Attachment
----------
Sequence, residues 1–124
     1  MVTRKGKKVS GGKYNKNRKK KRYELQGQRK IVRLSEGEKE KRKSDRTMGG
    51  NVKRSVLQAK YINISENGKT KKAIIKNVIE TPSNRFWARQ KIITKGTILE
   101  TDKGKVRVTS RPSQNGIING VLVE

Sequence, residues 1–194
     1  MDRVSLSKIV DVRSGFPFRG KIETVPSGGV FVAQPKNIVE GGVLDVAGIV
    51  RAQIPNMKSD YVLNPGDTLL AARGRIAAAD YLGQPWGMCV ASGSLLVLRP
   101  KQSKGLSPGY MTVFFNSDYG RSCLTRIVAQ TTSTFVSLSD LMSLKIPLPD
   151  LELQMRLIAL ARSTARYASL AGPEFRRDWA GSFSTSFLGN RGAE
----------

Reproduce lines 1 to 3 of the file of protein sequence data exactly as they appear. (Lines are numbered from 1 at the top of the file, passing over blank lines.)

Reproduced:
Sequence, residues 1–124
     1  MVTRKGKKVS GGKYNKNRKK KRYELQGQRK IVRLSEGEKE KRKSDRTMGG
    51  NVKRSVLQAK YINISENGKT KKAIIKNVIE TPSNRFWARQ KIITKGTILE